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United States.". The question being taken by yeas and nays, resultedyeas, 21; nays, 20; as follows:
Yeas—Messrs. Badger, Bayard, Benjamin, Brown, Butler, Clay, Clayton, Dawson, Dixon, Evans, Fitzpatrick, Geyer, Hunter, Johnson, Mallory, Mason, Pearce, Pratt, Sebastian, Thompson of Kentucky, and Toucey-21.
Nays-Messrs. Adams, Allen, Chase, Dodge of Wisconsin, Dodge of Iowa, Fish, Foot, Gillette, James, Jones of Iowa, Jones of Tennessee, Norris, Pettit, Seward, Shields, Stuart, Wade, Weller, and Williams-20.
Mr. Brown, of Mississippi, moved to amend further, as follows:
And provided further, That foreign born persons who fail to become citizens within six years from the time of entry on the land, shall lose all rights under this act.
This amendment was also adopted by the following vote :
Yeas—Messrs. Adams, Allen, Atchison, Badger, Bayard, Benjamin, Brodhead, Brown, Butler, Cass, Clay, Clayton, Dawson, Dixon, Evans, Fish, Fitzpatrick, Foot, Geyer, Hamlin, Johnson, Jones of Tennessee, Mallory, Mason, Norris, Pearce, Pettit, Pratt, Rusk, Sebastian, Shields, Slidell, Stuart, Thompson of Kentucky, Toucey, Weller, and Williams-37.
Nays-Messrs. Chase, Dodge of Wisconsin, Dodge of Iowa, Fessenden, Gillette, Jones of lowa, Seward, Sumner, and Wade--9.
Mr. Benjamin, of Louisiana, offered still further to amend as follows:
And if any person of the age of sixteen years and upwards, born in the United States, shall, before arriving at the age of twenty-one years, make application for the benefit of this act, he shall be entitled thereto: Provided, however, That no patent shall issue in favor of such applicant before he shall have attained the age of twenty-one years.
Mr. Jones, of Tennessee, spoke against the amendment; in reply to which Mr. Benjamin remarked as follows:
What is the proposition against which it has pleased the senator to inveigh? He stands up and supports, before the Senate, the proposition of the bill, that any individual, who has not the remotest interest in the country, who was not born here, who may have arrived here but yesterday, should be entitled to go on to the public lands, which belong to the people of the United States, to settle there, to cultivate those lands, and by his settlement and cultivation to entitle himself to a fee-simple in the soil. He does not propose to wait until the immigrant shall have obtained the right of a citizen. He does not propose to subject him to any apprenticeship before he is entitled to enter upon the soil; but from the moment of his arrival he is to be placed upon the same footing as an American citizen born in the United States. Now, by the first section of the bill, a citizen born in the United States is not to be entitled to any of those privileges which the senator from Tennessee is willing to afford to foreigners, until he reaches the age of twenty-one years. The policy of your bill is to settle and cultivate the public lands My proposition is to carry out the policy, and to give the same advantages to citizens born upon the soil, as you give to foreigners who have come here but yesterday. Will the senator deny, for a moment, that if this policy can be carried out by granting these privileges to citizens born on the soil, it ought not to be so carried out in reference to foreigners ? Without restriction of color, ay, character, or interest in the soil, or in the institutions of the country, the foreigner, at the first instant he lands upon the soil, is to have the right to create for himself a title to 160 acres of your land, and the children of the man who has fought and bled, and, perhaps, died, in the service of the country, are to be deprived of the same right.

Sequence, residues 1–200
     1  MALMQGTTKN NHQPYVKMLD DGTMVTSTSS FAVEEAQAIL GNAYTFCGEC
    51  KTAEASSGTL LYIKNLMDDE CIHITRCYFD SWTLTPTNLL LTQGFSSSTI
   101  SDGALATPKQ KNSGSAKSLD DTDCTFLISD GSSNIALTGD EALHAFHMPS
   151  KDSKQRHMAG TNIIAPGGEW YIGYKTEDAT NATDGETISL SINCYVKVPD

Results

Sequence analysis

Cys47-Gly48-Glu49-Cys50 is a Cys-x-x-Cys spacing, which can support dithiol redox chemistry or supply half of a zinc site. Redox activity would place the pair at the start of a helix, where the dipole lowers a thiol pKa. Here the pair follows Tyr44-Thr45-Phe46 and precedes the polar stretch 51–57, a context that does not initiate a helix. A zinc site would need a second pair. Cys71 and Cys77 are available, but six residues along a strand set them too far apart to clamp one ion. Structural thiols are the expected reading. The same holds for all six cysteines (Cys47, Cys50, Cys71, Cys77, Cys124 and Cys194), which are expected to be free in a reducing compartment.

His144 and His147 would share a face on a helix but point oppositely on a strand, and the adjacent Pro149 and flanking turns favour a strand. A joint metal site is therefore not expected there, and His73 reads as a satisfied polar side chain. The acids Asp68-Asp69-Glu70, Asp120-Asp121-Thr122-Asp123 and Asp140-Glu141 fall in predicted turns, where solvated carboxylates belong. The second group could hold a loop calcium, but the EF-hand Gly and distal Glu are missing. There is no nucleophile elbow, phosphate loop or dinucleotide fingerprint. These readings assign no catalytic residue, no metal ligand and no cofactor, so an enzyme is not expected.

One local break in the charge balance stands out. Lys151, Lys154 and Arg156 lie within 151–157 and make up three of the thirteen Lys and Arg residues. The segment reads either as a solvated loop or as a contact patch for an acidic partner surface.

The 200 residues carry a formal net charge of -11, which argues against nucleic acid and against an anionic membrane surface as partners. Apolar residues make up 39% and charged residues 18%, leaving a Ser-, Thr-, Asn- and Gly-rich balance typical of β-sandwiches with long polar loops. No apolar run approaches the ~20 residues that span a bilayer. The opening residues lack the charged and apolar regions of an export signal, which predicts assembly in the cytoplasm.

Mr. Benjamin called for the yeas and nays on his amendment, which were ordered ; and being taken, resulted-yeas 26, nays 20, as follows:
Yeas— Messrs. Adams, Atchison, Badger, Bayard, Benjamin, Brodhead, Brown, Butler, Clay, Clayton, Dawson, Dixon, Douglas, Evans, Fitzpatrick, Geyer, Hamlin, Hunter, Mallory, Mason, Norris, Pearce, Pratt, Rockwell, Thompson of Kentucky, and Williams-26.